Pharmaceutical study: Less hemorrhaging after stroke, but not fewer deaths
An international study published in May 2008 in the New England Journal of Medicine has shown that the coagulation factor VIIa can limit the extent of a cerebral hemorrhage. However, in the long term it does not prevent death or severe impairment.
Further studies must clarify whether the new treatment with the genetically engineered substance is suitable for a special group of patients who – as the study suggests – could profit from therapy in spite of this. These are patients with a limited hemorrhage size (delta 60ml), with limited amounts of blood in the cerebrospinal fluid space (delta 5ml), who are not over an age 70 years and who will be treated within 2.5 hours or less.
Some 841 patients in 73 centers in 20 countries took part in the study. Member of the steering committee, study coordinator for Europe, and co-author of the published article is Professor Dr. Thorsten Steiner, Senior Physician at the Department of Neurology, University of Heidelberg Hospital (Medical Director: Professor Dr. Werner Hacke).
Cerebral hemorrhages account for 15 percent of all strokes. They are often fatal; some 80 percent of the surviving patients are severely disabled. Especially problematic is further increase of the hematoma, which occurs in one third of patients in the first four hours. Thus far there is no way of treating.
An earlier study proved reduction of outcome and mortality
Three years ago, a phase-2 study with recombinant coagulation factor VIIa with the trade name NovoSeven, which is not yet approved for clinical use, showed that the compound could lower the death rate after a hemorrhage and limit impairment. This study was also published in the New England Journal.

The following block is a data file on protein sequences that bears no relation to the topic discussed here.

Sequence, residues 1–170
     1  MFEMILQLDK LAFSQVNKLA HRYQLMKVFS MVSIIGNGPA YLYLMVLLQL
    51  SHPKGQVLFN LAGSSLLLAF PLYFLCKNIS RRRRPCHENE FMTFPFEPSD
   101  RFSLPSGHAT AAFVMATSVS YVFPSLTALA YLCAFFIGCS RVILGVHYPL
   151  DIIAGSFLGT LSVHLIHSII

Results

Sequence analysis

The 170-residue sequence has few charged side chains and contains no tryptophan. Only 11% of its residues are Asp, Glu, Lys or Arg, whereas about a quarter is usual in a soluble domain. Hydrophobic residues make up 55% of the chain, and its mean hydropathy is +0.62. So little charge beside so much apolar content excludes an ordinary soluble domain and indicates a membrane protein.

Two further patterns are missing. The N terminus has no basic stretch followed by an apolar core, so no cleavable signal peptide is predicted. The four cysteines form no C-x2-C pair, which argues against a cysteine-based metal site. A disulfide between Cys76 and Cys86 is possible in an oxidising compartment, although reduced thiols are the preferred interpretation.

The new study compares the effectiveness of factor VIIa in two dosages (20 and 80 micrograms) with a placebo. The extent of the hemorrhage – visible on a CT scan – was noticeably larger (26%) in the placebo group than in the patients treated with 80 micrograms (11%) and 20 micrograms (18%). But there was still no difference in the number of patients who died after a stroke or were severely disabled by it. However, patients who were treated with the higher dosage of factor VIIa suffered more frequently from thromboses and embolisms.
Fewer high-risk patients in the placebo group / New study on a certain patient group?
"A decisive reason for the negative result is the fact that there were more high-risk patients in the patient groups treated with factor VIIa than in the placebo group," stated Professor Steiner. These patients more frequently had intraventricular hemorrhages (bleeding in the spaces of the brain containing cerebral spinal fluid) and high blood pressure. "Intraventricular bleeding increases the mortality by a factor of 4 to 5 and high blood pressure increases the risk of a secondary hemorrhage," said Professor Steiner. The age of the patients and timing of treatment were also factors.
"We have also determined that after a cerebral hemorrhage reaches a certain size, clinical improvement is very unlikely, irrespective of treatment," continued Professor Steiner. It is possible that the medication is effective mainly in patients whose hemorrhages have not yet exceeded a certain size, who have no or only a limited amount of blood in the ventricle, and do not exceed a certain age. This should be examined in another study.
"We would welcome a decision of the manufacturer of this medication decide to conduct a study on this special group of patients," said Professor Steiner. To what extent high blood pressure increases the risk of secondary hemorrhaging in the acute phase of a hemorrhagic stroke is currently being examined in another study.
Source: University Hospital Heidelberg